A critical industry is:

  • health, including aged care, disability care and pharmacies

  • emergency services, including police, the Queensland State Emergency Service, maritime rescue, the Coast Guard, the Rural Fire Service, and national defence and security

  • power and utilities, water and waste management

  • stores in remote locations or communities

  • essential retail, including supermarket workers such as night fill staff and service stations

  • freight and logistics, including freight transported by air, rail, road or sea

  • public transport

  • education, including primary, secondary and kindergarten school teachers

  • agriculture and fisheries production

  • resources

  • major manufacturing, distribution and critical supply chains, including food and beverages, pharmaceuticals, medical supplies and petrol

  • telecommunications, data, broadcasting and media services

A critically essential role:

  • requires a person with particular skills; and

  • must be performed in person at the workplace; and

  • must continue to be performed to:

- prevent an immediate risk of death or serious injury to a person; or

- prevent serious harm (social, economic or physical) in the community

If you are a business and employer operating in a critical industry, you can create a list of critically essential roles. If your employee is a close contact required to perform a critically essential role, they can leave quarantine (under certain conditions) as long as they:

  • have no COVID-19 symptoms

  • are fully vaccinated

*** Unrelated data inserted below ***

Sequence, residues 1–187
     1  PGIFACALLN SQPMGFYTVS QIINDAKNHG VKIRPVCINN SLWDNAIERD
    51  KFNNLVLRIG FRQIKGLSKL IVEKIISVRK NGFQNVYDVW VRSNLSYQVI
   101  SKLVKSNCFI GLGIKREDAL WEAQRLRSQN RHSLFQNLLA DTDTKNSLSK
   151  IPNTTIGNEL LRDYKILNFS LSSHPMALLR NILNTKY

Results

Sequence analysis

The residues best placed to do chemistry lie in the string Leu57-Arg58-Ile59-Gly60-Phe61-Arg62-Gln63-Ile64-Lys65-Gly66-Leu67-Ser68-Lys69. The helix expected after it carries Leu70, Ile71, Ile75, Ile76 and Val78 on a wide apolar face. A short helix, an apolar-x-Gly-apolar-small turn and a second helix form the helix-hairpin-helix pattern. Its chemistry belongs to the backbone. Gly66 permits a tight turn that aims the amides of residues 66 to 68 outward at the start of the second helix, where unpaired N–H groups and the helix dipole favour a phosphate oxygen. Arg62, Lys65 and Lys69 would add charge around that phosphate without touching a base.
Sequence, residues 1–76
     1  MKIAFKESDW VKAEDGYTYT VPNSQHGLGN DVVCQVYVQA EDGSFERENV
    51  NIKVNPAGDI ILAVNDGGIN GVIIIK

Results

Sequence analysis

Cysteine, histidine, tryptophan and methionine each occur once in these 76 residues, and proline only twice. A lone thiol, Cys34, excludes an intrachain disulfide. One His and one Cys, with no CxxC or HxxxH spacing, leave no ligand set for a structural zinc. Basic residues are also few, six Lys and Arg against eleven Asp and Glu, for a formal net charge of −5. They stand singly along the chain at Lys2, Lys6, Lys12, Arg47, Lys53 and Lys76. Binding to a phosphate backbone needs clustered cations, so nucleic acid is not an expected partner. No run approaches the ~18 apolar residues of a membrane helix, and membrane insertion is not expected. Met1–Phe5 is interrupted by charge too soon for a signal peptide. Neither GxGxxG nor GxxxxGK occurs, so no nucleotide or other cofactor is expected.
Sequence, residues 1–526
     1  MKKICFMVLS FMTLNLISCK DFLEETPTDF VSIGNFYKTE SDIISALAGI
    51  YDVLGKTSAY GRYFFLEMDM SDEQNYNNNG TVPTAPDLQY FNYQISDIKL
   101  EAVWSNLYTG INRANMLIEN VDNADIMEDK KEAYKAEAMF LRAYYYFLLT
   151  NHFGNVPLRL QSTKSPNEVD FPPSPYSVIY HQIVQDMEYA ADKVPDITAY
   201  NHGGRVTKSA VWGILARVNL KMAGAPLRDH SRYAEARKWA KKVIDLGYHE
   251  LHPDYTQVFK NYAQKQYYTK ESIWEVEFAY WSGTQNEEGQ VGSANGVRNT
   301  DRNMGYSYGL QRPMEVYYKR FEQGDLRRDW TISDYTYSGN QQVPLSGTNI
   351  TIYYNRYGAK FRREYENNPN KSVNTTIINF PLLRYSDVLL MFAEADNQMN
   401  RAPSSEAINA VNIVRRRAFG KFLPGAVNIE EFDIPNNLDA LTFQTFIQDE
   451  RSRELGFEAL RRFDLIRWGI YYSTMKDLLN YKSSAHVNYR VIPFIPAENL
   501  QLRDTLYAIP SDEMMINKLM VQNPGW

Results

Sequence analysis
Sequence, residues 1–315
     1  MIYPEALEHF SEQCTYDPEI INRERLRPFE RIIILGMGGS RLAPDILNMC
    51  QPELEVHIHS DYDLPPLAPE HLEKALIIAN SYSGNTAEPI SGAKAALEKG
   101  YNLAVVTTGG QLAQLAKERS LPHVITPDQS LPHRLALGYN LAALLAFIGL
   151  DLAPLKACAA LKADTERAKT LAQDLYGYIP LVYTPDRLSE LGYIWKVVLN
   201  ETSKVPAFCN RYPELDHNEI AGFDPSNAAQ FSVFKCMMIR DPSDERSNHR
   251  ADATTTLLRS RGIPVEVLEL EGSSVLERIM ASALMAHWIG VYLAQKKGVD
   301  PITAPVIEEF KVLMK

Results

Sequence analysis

To do this, businesses will need to follow the critically essential worker guidelines, as outlined on the QLD Government website.

7. The run down on leave

If one of your employees can’t work because they have to quarantine or self-isolate, they may be able to use paid or unpaid sick or carer’s leave. If sick leave isn’t available, as an employer, there are other options you need to consider such as annual leave and flexible working arrangements, if the employee is well enough to work during that period.

On top of this, if an employee is on annual leave and they become unwell, under certain circumstances, they may be able to convert their annual leave to either sick or carer's leave if they become unwell or need to care for a member of their immediate family or household during their annual leave. For comprehensive guidance on what leave options are available, please refer to the Fair Work Ombudsman

8. Pandemic Leave Disaster Payment

On top of the leave options above, employees may be able to access the Pandemic Leave Disaster Payment. Pandemic Leave Disaster Payment is a lump sum payment to help employees during the time they can’t work and earn income because they have to self-isolate or quarantine due to COVID-19, or because they are caring for someone who has to self-isolate or quarantine due to COVID-19.

To find out if they are eligible, employees can go to the Services Australia website for more information.

To ensure that you are supporting your business and employees throughout the pandemic, the best approach is to stay abreast of the government mandates and requirements, plan and communicate with your team. If you need any assistance with any of the topics discussed in the newsletter, please reach out to one of our team at any time.

21 views0 comments


bottom of page